Why is the research base an important part of materials chemistry innovation in the UK? Professor Matt Rosseinsky, University of Liverpool In order to create the next generation of sustainable products and technologies we need to constantly increase our fundamental understanding of the synthesis and the physical and chemical properties of new materials. Amongst the reasons for this are the needs to respond to new challenges facing society, and to replace scarce or hard-to-source raw materials that are key for important functions. This understanding is critical to the development of new advanced materials and the creation of new products. It is therefore important that those doing the fundamental scientific research understand the longer term challenges in design of materials and use this to help shape their research. It’s also important that designers understand the research being done so they can develop effective but realistic approaches to product development.
Su Varma, NSG Pilkington
What are the challenges in new materials innovation for your business, and how has the knowledge base helped ACAL Energy? Andy Creeth, ACAL Energy We are a small organisation, and were even smaller when we started. We needed to look at a broad set of materials that might be appropriate for developing our product, but we didn't have the analytical facilities and couldn’t afford to buy the equipment. Nor could we commit, in the early days, to threeyear PhD projects, or Post-doc projects. It was therefore important to have flexible access to people and research equipment. The KCMC understands what industry is about - it’s flexible, cost effective, responsive and has a fantastic science base. It helped us access the right expertise in different universities to help us test and characterise our product. They made the process of identifying the right materials much faster. They also helped provide access to funding and a template for setting up the project and protecting IP. We would not have understanding of the materials we work with without access to people and equipment through the KCMC.
Funding calls Smart - Round 6 SMEs working on R&D projects from which successful new products, processes and services could emerge that could stimulate UK economic growth are invited to apply for Smart grants. Grants are available for proof of market, proof of concept and development of prototype projects. Applications are accepted on a rolling basis and the 2014 close dates are 30th January and 27th March. More information: http://bit.ly/Ka1h44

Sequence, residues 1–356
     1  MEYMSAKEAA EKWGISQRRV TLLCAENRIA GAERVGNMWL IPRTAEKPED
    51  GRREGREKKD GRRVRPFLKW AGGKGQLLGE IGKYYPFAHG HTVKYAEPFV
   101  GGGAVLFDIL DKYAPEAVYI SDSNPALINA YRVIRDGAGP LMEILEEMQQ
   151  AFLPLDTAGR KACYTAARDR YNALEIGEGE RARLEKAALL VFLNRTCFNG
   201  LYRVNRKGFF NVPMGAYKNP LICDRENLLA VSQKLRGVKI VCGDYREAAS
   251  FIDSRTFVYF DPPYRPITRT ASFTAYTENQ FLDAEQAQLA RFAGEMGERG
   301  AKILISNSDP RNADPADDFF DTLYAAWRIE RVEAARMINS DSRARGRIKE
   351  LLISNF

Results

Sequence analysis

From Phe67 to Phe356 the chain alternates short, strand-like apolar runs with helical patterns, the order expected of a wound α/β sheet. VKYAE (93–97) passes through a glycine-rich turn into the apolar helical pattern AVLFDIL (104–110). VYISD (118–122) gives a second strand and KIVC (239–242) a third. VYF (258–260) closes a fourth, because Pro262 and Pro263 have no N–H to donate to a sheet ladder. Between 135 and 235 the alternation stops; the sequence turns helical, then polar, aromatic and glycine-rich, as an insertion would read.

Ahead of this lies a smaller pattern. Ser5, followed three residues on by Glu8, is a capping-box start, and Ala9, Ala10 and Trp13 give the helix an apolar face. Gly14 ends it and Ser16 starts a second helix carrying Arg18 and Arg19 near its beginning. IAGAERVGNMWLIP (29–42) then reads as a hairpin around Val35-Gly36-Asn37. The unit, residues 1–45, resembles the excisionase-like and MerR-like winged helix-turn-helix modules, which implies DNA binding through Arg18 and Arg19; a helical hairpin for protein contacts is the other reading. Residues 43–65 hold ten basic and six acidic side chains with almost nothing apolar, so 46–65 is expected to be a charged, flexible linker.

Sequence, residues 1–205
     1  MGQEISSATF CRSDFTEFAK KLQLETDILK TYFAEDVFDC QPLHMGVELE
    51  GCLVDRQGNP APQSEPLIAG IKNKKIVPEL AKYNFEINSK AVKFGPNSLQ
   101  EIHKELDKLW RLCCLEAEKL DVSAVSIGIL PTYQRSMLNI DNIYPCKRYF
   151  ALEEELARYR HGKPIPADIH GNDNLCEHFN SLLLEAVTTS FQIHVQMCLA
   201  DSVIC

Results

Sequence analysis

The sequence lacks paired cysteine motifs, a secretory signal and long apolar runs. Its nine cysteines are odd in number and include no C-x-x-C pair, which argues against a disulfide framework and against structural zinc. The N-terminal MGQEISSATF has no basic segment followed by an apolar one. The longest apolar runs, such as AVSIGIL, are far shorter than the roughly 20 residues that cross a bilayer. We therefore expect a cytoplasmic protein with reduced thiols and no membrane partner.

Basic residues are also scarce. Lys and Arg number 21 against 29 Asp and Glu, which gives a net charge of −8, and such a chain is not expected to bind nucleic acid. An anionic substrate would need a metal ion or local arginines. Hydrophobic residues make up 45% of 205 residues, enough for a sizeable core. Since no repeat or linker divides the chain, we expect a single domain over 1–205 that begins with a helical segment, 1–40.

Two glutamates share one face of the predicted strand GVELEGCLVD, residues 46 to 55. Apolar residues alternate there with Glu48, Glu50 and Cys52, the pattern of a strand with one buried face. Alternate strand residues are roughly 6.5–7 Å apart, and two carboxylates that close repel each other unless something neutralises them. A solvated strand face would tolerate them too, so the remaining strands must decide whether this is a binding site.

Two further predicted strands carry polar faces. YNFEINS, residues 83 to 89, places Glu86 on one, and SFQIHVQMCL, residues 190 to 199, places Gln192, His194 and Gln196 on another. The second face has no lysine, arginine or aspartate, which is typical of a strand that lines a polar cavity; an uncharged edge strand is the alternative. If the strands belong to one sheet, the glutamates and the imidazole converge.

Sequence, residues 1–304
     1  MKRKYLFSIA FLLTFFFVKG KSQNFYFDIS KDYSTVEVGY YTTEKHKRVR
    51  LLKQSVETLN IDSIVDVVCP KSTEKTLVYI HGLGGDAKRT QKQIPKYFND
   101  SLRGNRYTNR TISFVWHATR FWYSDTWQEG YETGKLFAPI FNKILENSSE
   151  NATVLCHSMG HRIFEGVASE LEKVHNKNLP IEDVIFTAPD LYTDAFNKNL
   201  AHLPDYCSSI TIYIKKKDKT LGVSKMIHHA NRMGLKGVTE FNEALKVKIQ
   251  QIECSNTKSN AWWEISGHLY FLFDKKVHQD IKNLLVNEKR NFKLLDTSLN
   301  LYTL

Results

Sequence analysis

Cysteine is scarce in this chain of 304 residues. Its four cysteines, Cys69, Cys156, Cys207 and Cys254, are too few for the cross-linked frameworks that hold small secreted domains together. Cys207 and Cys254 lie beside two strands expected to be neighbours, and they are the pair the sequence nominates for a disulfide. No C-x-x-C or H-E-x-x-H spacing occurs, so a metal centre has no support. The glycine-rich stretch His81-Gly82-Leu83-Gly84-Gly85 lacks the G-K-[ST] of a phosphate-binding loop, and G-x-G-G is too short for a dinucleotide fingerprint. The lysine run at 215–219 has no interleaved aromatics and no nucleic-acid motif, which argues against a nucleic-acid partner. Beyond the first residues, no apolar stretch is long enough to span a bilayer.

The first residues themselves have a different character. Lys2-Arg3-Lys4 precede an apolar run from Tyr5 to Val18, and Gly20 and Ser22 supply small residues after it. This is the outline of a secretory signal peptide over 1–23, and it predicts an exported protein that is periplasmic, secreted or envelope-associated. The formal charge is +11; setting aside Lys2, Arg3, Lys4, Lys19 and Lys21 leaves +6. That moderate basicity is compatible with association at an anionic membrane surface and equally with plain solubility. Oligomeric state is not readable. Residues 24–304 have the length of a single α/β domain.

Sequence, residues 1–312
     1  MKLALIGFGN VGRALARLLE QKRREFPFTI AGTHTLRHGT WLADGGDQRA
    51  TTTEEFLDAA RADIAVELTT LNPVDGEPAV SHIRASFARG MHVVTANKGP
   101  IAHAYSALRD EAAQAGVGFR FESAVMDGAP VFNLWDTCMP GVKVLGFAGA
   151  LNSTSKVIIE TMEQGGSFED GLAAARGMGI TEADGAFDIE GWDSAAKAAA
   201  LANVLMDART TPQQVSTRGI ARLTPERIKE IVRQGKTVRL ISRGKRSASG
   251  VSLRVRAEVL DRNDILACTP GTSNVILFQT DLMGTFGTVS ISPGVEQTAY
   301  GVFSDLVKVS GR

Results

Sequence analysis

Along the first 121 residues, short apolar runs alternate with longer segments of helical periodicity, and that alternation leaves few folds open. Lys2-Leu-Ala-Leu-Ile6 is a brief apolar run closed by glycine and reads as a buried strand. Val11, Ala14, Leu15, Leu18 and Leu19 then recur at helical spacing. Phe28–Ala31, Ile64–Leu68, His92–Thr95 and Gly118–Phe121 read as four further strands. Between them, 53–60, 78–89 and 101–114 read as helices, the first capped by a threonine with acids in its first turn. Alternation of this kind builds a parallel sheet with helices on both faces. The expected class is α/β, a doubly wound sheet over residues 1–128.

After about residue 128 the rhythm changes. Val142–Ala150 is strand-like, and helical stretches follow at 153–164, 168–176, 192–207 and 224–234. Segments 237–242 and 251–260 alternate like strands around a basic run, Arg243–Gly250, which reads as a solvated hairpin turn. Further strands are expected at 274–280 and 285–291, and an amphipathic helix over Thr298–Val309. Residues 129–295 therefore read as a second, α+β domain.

Technology-inspired innovation Advanced materials
Make it lighter, with less – Funding Call
Business-led projects of up to four months are invited to propose feasibility studies to stimulate innovation in four areas (biosciences, electronics, sensors and photonics, and information and communications technology). The Technology Strategy Board call is open to small and micro businesses in the UK working alone or in collaboration with one other small or micro company. Total project costs must not exceed £33,000 and preference will be given to preindustrial research, where a business partner is able to attract up to 75% public funding for their costs.
The Technology Strategy Board and the Engineering and Physical Sciences Research Council (EPSRC) are to invest up to £8.5m in collaborative R&D projects to develop advanced materials and manufacturing technologies which deliver lighter, better-performing and more material-efficient structures and products across a broad range of industrial sectors and global markets.
Competition opens: 27th January Briefing day: 10th February Deadline for applications: noon on 12th March More information: http://bit.ly/1cAaYPB
This competition aims to strengthen the UK’s collective expertise in lightweighting and resource-efficient manufacturing, and to develop a more robust and competitive supply base. Read more…. Award: Up to £8.5m Opens: 03 Mar 2014 Registration closes: 09 Apr 2014 Closes: 16 Apr 2014 More Information: https://www.innovateuk.org/-/make-itlighter-with-less 11